Feathered dinos had ticks, claim scientists in articles in, National Geographic 12 December 2017, BBC News and ScienceDaily 13 December 2017, and Nature Communications doi:10.1038/s41467-017-01550-z published online 12 December 2017.
An international team of researchers from Spain, USA and UK have found three species of ticks preserved in amber from Burma. The amber is dated as being 99 million years old. One of the ticks, Cornupalpatum burmanicum is entangled in the barbs of a tiny feather also embedded in the amber. Ticks today are blood sucking parasites, and one fossil tick was found engorged with blood, so the scientists have named it Deinocroton draculi, meaning “Dracula’s terrible tick”.
Because of the age of the amber and the presence of a feather, the scientists concluded the ticks were infesting feathered dinosaurs. One researchers Ricardo Pérez-de la Fuente, of the Oxford University Museum of Natural History, explained: “We are not able to pinpoint the exact host. But we can rule out modern birds, as they only appeared about 25 million years later than the age of the Burmese amber”.
He also commented to the BBC: “Ticks parasitised feathered dinosaurs; now we have direct evidence of it”. Because there was more than one species of tick preserved in the amber the research team concluded they were they had infested the nest of their host.
David Grimaldi of the American Museum of Natural History, another of the researchers, explained: “The simultaneous entrapment of two external parasites – the ticks – is extraordinary, and can be best explained if they had a nest-inhabiting ecology as some modern ticks do, living in the host’s nest or in their own nest nearby”.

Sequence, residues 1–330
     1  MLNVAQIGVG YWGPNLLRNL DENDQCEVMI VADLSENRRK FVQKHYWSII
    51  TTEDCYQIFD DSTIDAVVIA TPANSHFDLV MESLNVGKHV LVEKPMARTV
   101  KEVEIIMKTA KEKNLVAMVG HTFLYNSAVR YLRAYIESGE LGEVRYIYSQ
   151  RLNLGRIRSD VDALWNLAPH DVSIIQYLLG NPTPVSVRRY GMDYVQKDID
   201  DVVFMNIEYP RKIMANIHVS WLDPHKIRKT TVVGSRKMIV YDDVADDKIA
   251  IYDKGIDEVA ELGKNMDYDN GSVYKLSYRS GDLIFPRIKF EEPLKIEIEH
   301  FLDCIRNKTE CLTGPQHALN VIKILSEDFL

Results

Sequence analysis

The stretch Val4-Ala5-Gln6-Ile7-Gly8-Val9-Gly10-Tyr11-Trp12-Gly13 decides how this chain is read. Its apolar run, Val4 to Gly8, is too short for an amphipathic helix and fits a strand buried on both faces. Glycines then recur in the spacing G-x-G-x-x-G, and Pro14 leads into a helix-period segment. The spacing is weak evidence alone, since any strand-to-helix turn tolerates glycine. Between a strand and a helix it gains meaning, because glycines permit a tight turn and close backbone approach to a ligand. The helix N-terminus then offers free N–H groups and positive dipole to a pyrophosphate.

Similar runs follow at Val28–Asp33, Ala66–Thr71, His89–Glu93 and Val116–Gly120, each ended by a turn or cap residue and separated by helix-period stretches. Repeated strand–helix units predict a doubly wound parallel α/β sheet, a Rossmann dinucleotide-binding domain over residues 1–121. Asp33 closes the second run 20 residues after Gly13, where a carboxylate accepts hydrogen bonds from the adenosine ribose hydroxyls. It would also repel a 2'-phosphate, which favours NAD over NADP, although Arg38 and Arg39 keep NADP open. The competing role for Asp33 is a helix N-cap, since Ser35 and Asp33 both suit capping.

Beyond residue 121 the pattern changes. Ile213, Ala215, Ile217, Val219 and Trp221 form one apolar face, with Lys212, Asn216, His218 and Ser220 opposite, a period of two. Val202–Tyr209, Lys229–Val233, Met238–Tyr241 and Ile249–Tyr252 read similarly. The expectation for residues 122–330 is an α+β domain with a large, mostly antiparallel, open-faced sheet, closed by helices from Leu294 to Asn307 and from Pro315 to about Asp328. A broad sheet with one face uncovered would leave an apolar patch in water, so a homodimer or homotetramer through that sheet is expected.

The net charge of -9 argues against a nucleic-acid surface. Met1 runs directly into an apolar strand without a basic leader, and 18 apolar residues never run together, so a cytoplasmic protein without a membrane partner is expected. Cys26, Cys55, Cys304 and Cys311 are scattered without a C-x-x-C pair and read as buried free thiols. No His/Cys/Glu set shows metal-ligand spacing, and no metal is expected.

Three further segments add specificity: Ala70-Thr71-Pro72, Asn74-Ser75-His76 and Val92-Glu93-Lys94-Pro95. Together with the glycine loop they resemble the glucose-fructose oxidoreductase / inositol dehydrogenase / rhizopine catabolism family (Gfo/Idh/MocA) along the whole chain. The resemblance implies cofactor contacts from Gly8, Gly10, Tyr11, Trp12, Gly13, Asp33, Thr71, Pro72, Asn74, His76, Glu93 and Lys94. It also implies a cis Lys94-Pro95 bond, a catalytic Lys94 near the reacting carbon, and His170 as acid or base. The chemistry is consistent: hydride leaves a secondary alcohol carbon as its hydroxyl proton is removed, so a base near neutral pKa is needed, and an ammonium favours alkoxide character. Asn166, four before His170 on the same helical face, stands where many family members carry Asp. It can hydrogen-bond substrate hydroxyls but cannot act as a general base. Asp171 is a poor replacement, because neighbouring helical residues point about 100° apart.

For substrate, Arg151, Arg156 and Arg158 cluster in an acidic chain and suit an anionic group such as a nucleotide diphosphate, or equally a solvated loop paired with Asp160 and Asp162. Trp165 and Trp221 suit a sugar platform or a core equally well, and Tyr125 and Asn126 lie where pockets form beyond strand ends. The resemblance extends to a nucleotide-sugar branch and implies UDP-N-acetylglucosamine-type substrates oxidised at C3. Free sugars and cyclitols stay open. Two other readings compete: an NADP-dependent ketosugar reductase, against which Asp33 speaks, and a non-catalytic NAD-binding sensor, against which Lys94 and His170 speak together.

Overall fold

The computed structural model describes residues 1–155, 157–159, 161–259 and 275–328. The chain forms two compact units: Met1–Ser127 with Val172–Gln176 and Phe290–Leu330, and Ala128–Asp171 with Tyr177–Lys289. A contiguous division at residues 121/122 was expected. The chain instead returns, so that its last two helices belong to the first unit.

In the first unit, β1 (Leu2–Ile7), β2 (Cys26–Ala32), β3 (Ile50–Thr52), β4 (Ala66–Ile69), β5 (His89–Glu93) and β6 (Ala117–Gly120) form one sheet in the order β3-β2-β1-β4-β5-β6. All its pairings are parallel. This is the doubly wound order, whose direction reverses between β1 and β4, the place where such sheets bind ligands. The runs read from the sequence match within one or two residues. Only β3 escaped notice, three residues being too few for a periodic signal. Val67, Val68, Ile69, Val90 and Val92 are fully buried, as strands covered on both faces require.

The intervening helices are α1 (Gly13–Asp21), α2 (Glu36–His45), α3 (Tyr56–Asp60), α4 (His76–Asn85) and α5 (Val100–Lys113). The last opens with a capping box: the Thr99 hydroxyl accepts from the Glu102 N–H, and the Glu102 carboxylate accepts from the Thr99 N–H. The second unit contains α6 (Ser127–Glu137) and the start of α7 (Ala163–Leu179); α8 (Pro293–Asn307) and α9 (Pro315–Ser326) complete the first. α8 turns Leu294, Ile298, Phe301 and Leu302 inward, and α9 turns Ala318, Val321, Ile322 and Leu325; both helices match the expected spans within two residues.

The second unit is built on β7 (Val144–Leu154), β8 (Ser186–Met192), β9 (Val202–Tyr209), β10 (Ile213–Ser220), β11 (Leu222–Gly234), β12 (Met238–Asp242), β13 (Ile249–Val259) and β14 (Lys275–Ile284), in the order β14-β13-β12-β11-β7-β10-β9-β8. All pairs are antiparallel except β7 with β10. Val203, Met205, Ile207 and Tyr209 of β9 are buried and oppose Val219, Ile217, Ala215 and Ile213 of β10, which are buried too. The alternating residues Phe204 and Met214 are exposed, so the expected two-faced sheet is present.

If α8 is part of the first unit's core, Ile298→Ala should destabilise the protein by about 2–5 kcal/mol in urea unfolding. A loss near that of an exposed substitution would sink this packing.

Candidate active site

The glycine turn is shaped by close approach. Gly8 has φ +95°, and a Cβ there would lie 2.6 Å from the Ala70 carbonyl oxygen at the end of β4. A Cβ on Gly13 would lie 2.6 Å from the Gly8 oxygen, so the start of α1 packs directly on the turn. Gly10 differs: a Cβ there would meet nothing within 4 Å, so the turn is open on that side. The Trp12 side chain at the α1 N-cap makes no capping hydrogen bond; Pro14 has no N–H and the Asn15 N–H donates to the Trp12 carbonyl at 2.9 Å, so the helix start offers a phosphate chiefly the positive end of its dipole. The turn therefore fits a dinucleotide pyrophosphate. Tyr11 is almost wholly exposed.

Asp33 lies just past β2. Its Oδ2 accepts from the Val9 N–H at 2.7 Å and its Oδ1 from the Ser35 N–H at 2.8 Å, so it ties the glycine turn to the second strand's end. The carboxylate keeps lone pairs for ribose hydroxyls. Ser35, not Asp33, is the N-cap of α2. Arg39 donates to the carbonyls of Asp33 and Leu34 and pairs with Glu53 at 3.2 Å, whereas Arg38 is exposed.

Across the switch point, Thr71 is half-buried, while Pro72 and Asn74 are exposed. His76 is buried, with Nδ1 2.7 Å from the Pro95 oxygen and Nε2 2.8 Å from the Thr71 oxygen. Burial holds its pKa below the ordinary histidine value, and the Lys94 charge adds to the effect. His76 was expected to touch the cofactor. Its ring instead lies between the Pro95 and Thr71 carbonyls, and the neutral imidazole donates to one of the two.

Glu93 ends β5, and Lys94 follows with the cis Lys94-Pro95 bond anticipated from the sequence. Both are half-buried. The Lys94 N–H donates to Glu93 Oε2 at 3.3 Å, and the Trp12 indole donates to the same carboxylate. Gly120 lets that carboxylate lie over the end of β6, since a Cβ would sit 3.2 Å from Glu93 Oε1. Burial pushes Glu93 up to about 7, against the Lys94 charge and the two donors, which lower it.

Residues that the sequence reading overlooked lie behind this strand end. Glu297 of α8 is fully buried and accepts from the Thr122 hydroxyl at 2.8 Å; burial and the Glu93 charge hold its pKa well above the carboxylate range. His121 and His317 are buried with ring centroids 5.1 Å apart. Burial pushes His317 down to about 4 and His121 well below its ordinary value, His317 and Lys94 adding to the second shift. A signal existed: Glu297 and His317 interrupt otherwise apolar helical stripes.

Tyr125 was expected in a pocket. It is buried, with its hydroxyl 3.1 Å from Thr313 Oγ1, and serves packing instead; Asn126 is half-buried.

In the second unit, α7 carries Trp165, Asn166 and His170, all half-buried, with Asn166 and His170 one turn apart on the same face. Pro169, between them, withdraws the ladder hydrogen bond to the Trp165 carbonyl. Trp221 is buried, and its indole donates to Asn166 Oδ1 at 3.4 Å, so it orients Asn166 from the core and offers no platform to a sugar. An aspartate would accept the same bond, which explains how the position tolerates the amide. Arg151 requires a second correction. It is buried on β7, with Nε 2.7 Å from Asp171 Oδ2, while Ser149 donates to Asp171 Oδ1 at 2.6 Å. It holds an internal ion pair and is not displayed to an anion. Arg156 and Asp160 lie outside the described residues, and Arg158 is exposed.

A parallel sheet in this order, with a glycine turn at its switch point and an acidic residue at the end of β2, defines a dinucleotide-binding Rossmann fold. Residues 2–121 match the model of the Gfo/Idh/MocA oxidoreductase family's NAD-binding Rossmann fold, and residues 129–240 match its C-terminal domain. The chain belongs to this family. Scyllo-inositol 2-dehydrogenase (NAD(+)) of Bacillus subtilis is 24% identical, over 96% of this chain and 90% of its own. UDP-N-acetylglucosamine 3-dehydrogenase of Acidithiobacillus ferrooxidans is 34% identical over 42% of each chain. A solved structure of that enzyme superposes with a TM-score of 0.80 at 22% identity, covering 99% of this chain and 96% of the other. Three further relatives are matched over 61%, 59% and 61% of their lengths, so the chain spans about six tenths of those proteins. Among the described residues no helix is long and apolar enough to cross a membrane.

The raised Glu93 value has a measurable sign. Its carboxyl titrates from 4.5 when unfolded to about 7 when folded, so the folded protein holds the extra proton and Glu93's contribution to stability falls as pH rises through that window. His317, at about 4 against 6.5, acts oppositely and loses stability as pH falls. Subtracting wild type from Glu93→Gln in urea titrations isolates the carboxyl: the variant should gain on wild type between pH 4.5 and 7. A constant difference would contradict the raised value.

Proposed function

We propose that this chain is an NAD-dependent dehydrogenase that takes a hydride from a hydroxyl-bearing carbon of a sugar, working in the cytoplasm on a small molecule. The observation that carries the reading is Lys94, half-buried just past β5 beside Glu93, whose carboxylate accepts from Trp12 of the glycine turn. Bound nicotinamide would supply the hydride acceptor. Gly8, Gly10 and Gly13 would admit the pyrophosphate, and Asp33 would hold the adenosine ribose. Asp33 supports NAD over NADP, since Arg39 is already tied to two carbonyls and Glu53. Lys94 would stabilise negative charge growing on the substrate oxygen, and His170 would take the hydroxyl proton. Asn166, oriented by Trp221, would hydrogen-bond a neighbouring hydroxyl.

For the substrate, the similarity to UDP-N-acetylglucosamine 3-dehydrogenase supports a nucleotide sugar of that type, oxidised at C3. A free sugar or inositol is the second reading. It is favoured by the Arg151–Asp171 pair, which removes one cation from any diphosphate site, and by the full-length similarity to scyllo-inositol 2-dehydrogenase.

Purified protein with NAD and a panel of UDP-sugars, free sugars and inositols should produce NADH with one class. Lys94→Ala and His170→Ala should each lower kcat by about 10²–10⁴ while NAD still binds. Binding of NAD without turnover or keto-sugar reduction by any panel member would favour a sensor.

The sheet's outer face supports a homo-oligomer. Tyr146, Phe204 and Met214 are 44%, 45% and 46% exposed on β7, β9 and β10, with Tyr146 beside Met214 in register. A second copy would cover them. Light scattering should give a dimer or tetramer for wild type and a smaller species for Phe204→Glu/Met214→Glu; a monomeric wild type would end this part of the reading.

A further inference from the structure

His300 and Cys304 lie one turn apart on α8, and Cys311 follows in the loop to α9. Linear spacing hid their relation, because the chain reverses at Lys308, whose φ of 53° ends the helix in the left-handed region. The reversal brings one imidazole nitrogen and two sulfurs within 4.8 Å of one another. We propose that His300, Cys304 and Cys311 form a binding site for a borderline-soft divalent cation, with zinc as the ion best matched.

The two Deinocroton ticks had hairs from a dermestid beetle attached to them. These are otherwise known as skin beetles, and live in nests, where they feed on feathers, skin fragments and hair. The BBC summed up the scientists’ conclusions about the amber ticks as: “One is entangled with a dinosaur feather, another is swollen with blood, and two were in a dinosaur nest”.
The scientists entitled their paper in Nature Communications “Ticks parasitised feathered dinosaurs as revealed by Cretaceous amber assemblages”.
Editorial Comment: Talk about evolutionary belief being imposed on the evidence, rather than drawn from evidence. The actual data here is three fossil ticks, along with one tiny feather identical to a living bird feather which could have come from a baby bird. The presence of skin beetle hairs is a further hint the ticks were in a bird’s nest. BUT … there is no evidence of any dinosaurs in any of this!
Amber containing embedded feather and tick. Tick is in the white outlined area. See below for more detail.
So let’s be blunt – if this amber had been given a more recent date the scientists would have concluded the ticks were infesting a bird’s nest. Their pagan obsession with the dino-bird fairy stories is their sole motivation.
Photos of Amber: Peñalver, et. al. (2017) Parasitised feathered dinosaurs as revealed by Cretaceous amber assemblages, Nature Communications doi:10.1038/s41467-017-01550-z Reproduced under Creative Commons Licence CC BY 4.0
Evidence News vol. 18, No.1
14 February 2018
Creation Research Australia
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